First the basic introduction – Can you tell me who are you, what are you doing, where are coming from?
My name is John Whitlock. I’m an artist from Brooklyn, NY working primarily in collage, assemblage, and more recently, painting. I also run an on-again, off-again small-press publishing label called Specious Arts, provide art direction for a cassette label called Puremagnetik and contribute collage work to the New York Times.
Being one of the heavy-hitters of the collage game with your very recognizable work, how would you describe your style? And how quickly you found your ”style”?
First of all, thank you for saying that.
Despite my use of recognizable imagery, I think of my work as being firmly rooted in abstraction. A lot of the process is about trying to make order out of chaos. Although the end results may seem organized, things usually aren’t mapped out in advance. With collages, I tend to jump in somewhat haphazardly; maybe based on the color or texture of an image or a simple shape that my hand makes with the scissors. Things begin messy. There’s usually a point where I get frustrated and consumed with the composition before I find a rhythm and begin to work things out. With paintings, it’s really the exact same thing, although everything takes longer.
I’ve made collages my entire life, but the work I’ve been known for has been going on for probably the past 12 years. Aesthetically, things clicked for me pretty immediately in that time. I’ve had periods of deviation, but usually find myself back in the same relative sphere. I think it’s important to try new things, if you have a strong point of view, your sensibilities will usually guide you back to where you belong and you’ll have broadened your vocabulary along the way.
Can you describe your relationship to old paper as a working material?
I love old printed ephemera. I collect old magazines, books, comics, posters, illustrations, etc. so working with this stuff as source material allows me to interact with the things I love in a very direct way. It’s a way to give new life to otherwise forgotten material.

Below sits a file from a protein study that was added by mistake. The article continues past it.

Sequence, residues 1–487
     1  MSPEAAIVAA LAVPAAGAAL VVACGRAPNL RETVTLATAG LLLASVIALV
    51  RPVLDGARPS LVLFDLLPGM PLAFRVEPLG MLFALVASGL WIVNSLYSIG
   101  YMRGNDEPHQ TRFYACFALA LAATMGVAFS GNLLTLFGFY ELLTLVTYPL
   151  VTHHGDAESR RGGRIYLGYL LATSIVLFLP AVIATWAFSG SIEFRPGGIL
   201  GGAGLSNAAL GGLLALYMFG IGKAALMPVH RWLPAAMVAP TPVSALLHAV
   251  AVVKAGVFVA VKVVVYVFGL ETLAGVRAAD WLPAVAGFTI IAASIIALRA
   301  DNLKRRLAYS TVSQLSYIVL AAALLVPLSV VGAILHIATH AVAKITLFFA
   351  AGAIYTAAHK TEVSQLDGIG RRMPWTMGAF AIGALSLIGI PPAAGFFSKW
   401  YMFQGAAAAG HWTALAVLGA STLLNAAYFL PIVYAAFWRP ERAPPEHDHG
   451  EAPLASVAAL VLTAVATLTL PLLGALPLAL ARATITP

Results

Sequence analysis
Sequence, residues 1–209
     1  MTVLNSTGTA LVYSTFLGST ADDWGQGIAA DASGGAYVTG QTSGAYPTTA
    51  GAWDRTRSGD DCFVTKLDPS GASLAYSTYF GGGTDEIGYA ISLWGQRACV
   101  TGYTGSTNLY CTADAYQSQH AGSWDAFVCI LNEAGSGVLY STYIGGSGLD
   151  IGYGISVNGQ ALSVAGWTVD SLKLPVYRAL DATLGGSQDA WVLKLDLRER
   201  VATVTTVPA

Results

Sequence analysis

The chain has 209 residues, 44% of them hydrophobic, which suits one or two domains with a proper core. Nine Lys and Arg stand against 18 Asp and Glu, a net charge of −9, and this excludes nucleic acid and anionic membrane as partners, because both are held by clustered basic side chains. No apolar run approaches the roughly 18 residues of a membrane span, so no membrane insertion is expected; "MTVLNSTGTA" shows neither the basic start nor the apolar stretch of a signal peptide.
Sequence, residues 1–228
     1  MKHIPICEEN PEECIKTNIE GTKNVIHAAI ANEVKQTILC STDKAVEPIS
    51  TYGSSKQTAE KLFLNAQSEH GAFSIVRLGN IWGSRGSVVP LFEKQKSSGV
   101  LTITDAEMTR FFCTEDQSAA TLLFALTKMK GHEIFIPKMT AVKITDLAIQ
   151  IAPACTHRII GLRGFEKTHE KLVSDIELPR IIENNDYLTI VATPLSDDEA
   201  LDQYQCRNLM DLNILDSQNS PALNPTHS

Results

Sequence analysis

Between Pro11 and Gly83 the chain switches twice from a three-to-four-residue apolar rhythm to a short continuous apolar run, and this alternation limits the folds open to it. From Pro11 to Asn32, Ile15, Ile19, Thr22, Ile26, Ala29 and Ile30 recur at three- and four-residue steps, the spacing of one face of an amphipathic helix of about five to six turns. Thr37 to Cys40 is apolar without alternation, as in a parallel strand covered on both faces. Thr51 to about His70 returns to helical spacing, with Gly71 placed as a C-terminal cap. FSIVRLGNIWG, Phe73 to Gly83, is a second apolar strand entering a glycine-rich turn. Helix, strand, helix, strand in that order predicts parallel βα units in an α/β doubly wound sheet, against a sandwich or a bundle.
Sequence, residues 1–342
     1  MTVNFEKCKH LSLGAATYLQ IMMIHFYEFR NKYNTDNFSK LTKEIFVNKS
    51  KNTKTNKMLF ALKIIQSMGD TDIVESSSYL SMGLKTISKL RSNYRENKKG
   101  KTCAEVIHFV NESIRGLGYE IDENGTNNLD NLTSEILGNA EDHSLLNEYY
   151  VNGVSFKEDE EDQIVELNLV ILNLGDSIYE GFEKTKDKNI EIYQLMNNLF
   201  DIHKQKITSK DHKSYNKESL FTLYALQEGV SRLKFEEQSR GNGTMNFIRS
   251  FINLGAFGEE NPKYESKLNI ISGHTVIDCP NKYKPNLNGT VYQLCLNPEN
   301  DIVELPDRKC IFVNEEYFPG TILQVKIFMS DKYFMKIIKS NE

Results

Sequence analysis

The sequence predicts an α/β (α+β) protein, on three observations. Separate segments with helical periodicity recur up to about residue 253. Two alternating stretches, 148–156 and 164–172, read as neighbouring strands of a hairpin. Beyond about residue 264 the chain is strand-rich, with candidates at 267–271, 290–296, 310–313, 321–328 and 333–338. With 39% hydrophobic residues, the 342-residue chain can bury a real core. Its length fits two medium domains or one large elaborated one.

What’s the best part of the collaging process?
The feeling of satisfaction when you see the thing that you’ve been wrestling with begins to take shape.
And then, what’s the hardest part?
The feeling when you know something is overworked and you still haven’t found your way out of it.
Your artistic guilty pleasures?
Collecting. I recently realized that when I’m not making art regularly, my collecting habits get out of hand. Making art scratches that same compulsive itch in my brain, I guess.
Your works are very puzzle-like, so in your artworks, what are the most important things/elements to yourself?
Rhythm in the shapes, balance in the colors, the mystery in the imagery. There’s a feng shui-like harmony I‘m looking for with composition, hah.
How do your own artworks make you feel when you look them ready?
It depends. The stuff I struggled with the most usually gets shelved for a long time before I can look at it again in a positive light, but then becomes the stuff I’m the most proud of later. The stuff that came together quickly is usually like a sugar-high, it feels good right away, but the euphoria wears off quickly after that immediate rush.
“Collage is a grounding way of exercising my senses.”
What keeps you collaging? What excites you about it?
I like how immediate collage is. Even as I’m starting to focus more on painting, collage is a grounding way of exercising my senses. The paintings I’m making mimic my collage process, but there’s so much more time involved in reproducing photographic snippets with charcoal, or waiting for paint to dry. Mistakes in a painting can cost a day. With collage I can work extremely fast, and there are no consequences to mistakes.
If you should describe your art with one word, what would it be?